Maryland Governor says marriage bill brings dignity, religious freedom


ANNAPOLIS, Md. — At a gathering on the steps of the governor’s residence in Annapolis, Maryland Gov. Martin O’Malley on Tuesday called on the state’s residents and lawmakers to join him in supporting his newly drafted same-sex marriage bill.

Martin O’Malley. (Washington Blade photo by Pete Exis.)

With about 50 supporters of the bill standing behind him, including same-sex couples, clergy members, and state labor leaders, O’Malley said the bill provides a proper balance between “equal protection under the law” and “religious freedom.”

His remarks came on the day after he officially introduced the Civil Marriage Protection Act into the Maryland General Assembly and minutes after he hosted a breakfast in the governor’s residence for representatives of the coalition of organizations and clergy backing the bill.

“There is a broad coalition, and many are arrayed on the steps here with me, and they are all supportive of the bill I introduced last night on civil marriage equality in the state of Maryland,” he said.

“All of us want the same thing for our children. Marylanders of different religious beliefs, Marylanders of all walks of life all want the same thing for our children. We want our children to live in loving, stable, committed households that are protected equally under the law,” he said.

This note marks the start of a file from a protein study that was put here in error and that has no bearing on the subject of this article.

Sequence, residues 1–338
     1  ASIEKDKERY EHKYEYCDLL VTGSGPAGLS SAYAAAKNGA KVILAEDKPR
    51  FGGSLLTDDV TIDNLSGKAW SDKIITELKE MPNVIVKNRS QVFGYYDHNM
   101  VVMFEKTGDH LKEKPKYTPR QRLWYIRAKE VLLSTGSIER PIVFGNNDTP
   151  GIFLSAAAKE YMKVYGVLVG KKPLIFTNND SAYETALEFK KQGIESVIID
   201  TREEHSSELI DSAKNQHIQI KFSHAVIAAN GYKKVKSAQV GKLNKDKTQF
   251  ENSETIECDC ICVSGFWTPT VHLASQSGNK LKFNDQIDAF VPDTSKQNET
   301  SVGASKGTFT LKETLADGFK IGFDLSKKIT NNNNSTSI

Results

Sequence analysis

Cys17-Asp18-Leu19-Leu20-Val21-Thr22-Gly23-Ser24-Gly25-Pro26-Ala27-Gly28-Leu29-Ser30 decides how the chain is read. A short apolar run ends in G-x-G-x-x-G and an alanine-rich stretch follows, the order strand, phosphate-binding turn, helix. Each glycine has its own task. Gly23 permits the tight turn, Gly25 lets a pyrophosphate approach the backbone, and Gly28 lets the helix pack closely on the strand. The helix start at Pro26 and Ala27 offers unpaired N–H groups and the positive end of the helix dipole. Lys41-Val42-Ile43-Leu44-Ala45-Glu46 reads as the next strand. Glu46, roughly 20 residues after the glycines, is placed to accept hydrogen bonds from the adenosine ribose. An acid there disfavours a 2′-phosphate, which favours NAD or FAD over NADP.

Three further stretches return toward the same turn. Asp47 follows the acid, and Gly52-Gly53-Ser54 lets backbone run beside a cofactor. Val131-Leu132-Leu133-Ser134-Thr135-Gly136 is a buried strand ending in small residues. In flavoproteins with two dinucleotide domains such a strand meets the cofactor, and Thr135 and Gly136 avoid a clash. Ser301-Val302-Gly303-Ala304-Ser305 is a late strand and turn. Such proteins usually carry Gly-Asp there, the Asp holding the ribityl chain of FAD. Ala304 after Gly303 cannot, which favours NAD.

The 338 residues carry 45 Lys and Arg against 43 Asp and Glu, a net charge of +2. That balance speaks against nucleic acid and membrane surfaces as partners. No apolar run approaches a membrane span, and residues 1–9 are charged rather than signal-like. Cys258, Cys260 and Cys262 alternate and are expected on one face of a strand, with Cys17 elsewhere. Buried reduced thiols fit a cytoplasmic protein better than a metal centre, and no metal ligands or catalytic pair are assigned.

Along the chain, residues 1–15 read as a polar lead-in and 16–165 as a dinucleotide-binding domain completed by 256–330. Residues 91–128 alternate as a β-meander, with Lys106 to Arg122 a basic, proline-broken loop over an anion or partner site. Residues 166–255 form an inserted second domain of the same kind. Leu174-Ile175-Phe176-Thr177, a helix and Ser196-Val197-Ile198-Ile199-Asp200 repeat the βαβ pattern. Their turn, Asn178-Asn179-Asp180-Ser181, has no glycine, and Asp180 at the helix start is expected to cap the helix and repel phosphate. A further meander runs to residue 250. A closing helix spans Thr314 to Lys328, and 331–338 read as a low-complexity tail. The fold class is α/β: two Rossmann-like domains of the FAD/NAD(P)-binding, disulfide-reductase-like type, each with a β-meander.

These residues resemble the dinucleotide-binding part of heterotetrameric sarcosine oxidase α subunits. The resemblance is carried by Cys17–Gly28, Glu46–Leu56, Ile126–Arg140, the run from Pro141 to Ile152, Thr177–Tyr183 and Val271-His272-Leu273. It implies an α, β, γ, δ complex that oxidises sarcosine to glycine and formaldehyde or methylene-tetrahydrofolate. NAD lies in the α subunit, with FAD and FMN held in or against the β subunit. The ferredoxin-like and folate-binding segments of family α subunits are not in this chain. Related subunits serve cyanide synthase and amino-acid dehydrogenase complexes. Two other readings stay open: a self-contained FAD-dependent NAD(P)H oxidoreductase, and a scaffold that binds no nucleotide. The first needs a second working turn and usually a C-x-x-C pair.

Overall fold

Anticipating what political observers in the state capital expect to be an aggressive campaign to oppose the bill by religious groups, including leaders the Catholic Archdiocese of Maryland, O’Malley stressed that his bill provides expanded protections for religious institutions and people of faith.

“We also believe that we can protect religious freedom and rights equally under the law,” he said. “Other states have found a way to do this. We can find a way to do this too. And that common ground that allows us to move forward is dignity — the human dignity of every single person,” he said.

Among those who spoke at the gathering in addition to O’Malley were Rev. Starlene Joyner Burns, founder of a Christian ministry in Bowie, Md.; Ezekiel Jackson, an official with the Service Employees International Union Local 1199 of Maryland; and State Senator Rich Madaleno (D-Montgomery County, one of seven out gay members of the General Assembly.

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